Following Governor Gavin Newsom’s signature, California passed AB 2316, the Community Renewable Energy Act. The law creates a community renewable energy program, including community solar-plus-storage, to overcome access barriers for nearly half of Californians who rent or have low incomes.
Community solar projects are often smaller than utility-scale facilities, and are ideally built on landfills, former industrial sites, and other brownfield locations. Customers typically subscribe to a share of energy produced by the local clean energy project, accessing lower bills and reducing their carbon footprint.
Without the ability to purchase and install solar directly on a rented residence, community solar offers a pathway to the 45% of Californians who rent their homes, and the 70% of renters who are considered low-income.
Across the United States, solar owners have an average income 58% higher than the median income in their county. The new law is aimed at expanding access while simultaneously strengthening California’s grid.
AB 2316 provisions include:
- Gives renters, nearly half of Californians, access to clean energy and lower electricity bills
- Builds the reliability of California’s power grid through linking storage with community solar
- Ensures at least 51% of subscribers are low income customers, triggering at least a 40% federal tax credit on solar panels under the Inflation Reduction Act
- Requires prevailing wages for workers, triggering a 30% federal tax credit for storage installations under the Inflation Reduction Act
- Avoids cost transfers to non-participants and maximizes the state’s ability to access federal funds under the Inflation Reduction Act.
“Community renewable energy is a proven powerful tool to help close California’s clean energy gap, bringing much needed relief to millions struggling with high housing costs and utility debt,” said Alexis Sutterman, energy equity program manager at the California Environmental Justice Alliance. “All families will finally have a choice to save on electric bills while unplugging from dirty power and joining the fight against climate change. As this program takes off, California will build the affordable and reliable clean energy supplies needed to retire polluting fossil fuel-powered plants in environmental justice communities and pursue a cleaner, safer future.”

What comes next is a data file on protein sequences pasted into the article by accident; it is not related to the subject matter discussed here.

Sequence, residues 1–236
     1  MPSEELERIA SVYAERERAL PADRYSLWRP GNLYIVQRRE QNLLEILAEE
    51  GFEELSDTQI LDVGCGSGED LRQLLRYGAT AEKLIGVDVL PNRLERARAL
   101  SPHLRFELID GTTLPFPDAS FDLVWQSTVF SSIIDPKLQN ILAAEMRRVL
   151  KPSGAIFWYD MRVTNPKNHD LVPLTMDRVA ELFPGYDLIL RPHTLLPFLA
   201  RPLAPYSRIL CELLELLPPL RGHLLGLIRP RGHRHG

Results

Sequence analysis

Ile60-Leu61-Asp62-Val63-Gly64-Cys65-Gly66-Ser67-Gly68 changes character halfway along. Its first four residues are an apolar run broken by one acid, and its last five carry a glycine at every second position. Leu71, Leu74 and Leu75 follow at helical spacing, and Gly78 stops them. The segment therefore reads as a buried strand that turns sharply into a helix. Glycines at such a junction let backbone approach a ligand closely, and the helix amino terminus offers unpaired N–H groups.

The Biden Administration set a goal this year to sign up 5 million community solar households, achieving $1 billion in bill savings by 2025. The Department of Energy (DOE) reports that by year’s end 2020, about 3 GW of community solar in the United States was active, enough to power about 600,000 homes.
The community solar model only represents about 8% of the total distributed solar capacity in the nation. This target would entail a jump from 3 GW installed capacity to 20 GW by 2025. DOE estimates customers enrolling in community solar will save an average of about 20% on energy bills.
The Community Renewable Energy Act was sponsored by the Coalition for Community Solar Access, and met with strong support from groups like SEIA, GRID Alternatives, Vote Solar, the Sierra Club, the Union of Concerned Scientists, the Natural Resources Defense Council, and more.
Notably, investor-owned utilities, which serve over 75% of the electricity usage in the state, opposed the bill. Pacific Gas and Electric, San Diego Gas & Electric, and Southern California Edison all signed on in opposition to the bill.
Two attempts have been made in the past in California to set up a community solar market, and they have generally been considered failures due to poor structuring. The Enhanced Community Renewables within the Green Tariff Shared Renewables Program has zero projects in operation after nine years due to unfinanceable rates, said the Community for Solar Access (CSA). CSA said the Community Solar-Green Tariff program is also ineffective as it is expensive, fails to support disadvantaged communities, and a mechanism for controlling cost shift onto non-participants is limiting the program’s growth.
The implementation of this program rests in the hands of the California Public Utilities Commission (CPUC). CPUC is tasked with evaluating existing programs, and will report to the California Legislature its justification for terminating, modifying, or retaining them.
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